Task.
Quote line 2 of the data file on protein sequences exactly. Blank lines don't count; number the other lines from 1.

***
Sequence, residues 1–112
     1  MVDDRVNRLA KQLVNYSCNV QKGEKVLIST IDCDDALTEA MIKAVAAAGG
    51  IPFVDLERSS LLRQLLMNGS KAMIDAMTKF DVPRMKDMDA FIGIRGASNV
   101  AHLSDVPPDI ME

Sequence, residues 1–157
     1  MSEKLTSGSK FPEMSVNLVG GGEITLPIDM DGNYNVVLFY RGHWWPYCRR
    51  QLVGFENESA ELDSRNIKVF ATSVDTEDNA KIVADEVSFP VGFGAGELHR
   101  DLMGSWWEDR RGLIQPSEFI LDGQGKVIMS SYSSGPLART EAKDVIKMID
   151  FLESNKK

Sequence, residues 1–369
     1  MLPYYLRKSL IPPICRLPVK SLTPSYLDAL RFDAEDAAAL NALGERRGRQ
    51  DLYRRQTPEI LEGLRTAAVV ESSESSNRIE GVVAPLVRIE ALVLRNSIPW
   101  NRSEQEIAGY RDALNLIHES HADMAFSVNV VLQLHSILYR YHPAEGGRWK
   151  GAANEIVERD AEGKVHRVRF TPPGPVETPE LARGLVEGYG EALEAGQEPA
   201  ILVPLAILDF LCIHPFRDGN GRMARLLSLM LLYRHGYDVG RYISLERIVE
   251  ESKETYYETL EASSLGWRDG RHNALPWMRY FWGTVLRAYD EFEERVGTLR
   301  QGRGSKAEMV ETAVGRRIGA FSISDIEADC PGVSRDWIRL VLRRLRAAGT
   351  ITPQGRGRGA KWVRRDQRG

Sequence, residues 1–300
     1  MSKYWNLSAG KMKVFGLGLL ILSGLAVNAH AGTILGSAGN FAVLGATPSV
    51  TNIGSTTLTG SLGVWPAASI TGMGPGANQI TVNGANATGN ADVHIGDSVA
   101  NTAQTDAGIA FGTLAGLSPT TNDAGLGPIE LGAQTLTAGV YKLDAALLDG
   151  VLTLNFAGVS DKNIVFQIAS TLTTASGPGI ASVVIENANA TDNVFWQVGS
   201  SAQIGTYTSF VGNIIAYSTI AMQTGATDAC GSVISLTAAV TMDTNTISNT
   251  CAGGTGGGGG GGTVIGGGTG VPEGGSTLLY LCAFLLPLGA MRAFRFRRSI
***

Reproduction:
     1  MVDDRVNRLA KQLVNYSCNV QKGEKVLIST IDCDDALTEA MIKAVAAAGG